It’s not all Nickelbacks, Dions and Biebers up here. It’s not even all Loverboys, Triumphs and Troopers (still a lot of Rush, though). We still have the rock, sometimes you just gotta look for it. Sometimes, it wins a Grammy and people are angry because they’ve never heard of the group before. Sometimes, it comes in the form of a band that has the best name based around a bandleader since “Blues Explosion.” Joel Plaskett Emergency’s Ashtray Rock brings the quirk, the rock, the jangly indie bits, the sweater vests and a concept album with a story as old as time: two dudes start a band, fall in love with the same girl and have a falling out. “Fashionable People” sets the scene at a party where the narrator has stars in his eyes and attempts to entice a girl away from all the other wannabes.
Immediately, the words of youth – “I feel foolish/I wanna drink too much”. As the narrator drinks, he attempts to talk up this girl he’s met, decrying all the other people at the party as he tries to make himself out to be the clear the prime candidate for attention: “I bet their parents/Are ridiculously loaded/Let’s get moving/Before I’m loaded.” The narrator uses the opportunity to talk about what’s on his mind, flaunting his newly-formed band, reciting the mantra “Fashionable people/Doing questionable things” to set his partying and recklessness up as a contribution to his future lifestyle instead of just being a drunk teenager. All the while, he attempts to be sly in getting with the girl he’s having the conversation with – “I like your boyfriend too/Do you think he’d understand?” – before the booze gets to his brain and he just says what he’s really thinking: “So ditch him/He’s no good for you…Switch him/Switch him up with me/Leave him in a ditch/And you can take a ride for free”. Plaskett’s relaxed delivery perfectly suits the tale as he delivers it with all the swaggering confidence he can muster.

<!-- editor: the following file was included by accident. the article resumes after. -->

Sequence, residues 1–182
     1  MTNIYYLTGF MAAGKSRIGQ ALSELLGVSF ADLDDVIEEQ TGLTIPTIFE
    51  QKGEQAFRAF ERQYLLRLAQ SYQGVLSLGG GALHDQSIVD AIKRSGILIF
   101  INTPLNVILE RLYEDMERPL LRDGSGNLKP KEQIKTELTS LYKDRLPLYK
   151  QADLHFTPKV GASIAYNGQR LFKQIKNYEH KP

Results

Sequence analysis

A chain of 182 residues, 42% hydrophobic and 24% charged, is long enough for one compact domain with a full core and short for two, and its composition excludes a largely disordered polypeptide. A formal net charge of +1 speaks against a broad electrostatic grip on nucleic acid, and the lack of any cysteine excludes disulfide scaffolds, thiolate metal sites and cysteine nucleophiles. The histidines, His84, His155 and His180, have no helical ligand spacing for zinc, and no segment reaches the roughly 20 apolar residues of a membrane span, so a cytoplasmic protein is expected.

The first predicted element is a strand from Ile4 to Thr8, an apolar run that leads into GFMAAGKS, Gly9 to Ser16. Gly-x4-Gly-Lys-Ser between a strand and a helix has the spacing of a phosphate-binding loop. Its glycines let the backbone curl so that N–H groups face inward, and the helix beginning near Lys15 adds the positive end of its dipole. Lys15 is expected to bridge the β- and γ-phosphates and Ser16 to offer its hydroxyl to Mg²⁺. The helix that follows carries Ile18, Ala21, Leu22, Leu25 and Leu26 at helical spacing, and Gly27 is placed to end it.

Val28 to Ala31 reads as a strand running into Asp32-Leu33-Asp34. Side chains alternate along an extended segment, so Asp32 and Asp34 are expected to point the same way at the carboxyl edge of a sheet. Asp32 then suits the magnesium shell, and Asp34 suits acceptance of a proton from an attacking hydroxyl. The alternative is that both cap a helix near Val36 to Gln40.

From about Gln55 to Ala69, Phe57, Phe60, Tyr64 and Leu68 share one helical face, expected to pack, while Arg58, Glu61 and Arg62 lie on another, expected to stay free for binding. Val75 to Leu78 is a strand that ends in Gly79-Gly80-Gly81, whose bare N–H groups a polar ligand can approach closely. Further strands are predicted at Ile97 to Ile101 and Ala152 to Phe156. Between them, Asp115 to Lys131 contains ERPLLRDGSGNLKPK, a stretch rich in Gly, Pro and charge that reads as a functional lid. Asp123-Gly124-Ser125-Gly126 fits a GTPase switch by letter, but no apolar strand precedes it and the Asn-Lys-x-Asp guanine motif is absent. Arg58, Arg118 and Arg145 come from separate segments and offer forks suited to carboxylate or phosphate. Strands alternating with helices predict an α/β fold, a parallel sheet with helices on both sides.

The thing I will always take away from this song is the absolute insane drum sound when the chorus hits and Plaskett sings “the dancers need a dancefloor!”, very much carrying on from the sound used on David Bowie’s Low, but with much more feedback. The verses are light affairs with a heavily accented rhythm of drums, bass and light synth, with the guitar buried in the middle – none of which have any effects on them . This is what makes the chorus seem that much more boisterous when it comes around. The snare simply explodes with a few carefully-measured hits with a beautiful, overdriven raucous sound, as you bang you head and are ready to petition the government for more dancefloor space when you realize that you’re also hearing the guitar unleash for the first time. Drenched in gain but still crisp enough to whiff the fumes of those high notes on the guitar, the verse/chorus dynamic is done simply but very effectively. What makes it curiouser is the almost anti-chorus that follows the melee, as things tighten right back up and a small falsetto chorus chants “fashionable/fashionable/fashionable people” in the most delicate way possible with a little shaker in the background, which is silly but a great hook in its own right – more often than not, that’s the bit I’m singing after the song’s over!
There’s no getting around a solid song with a great hook, and for that, “Fashionable People” has earned many many relistens for me. It might be that I just like singing in falsetto a lot, too, but that certainly ain’t a strike against it!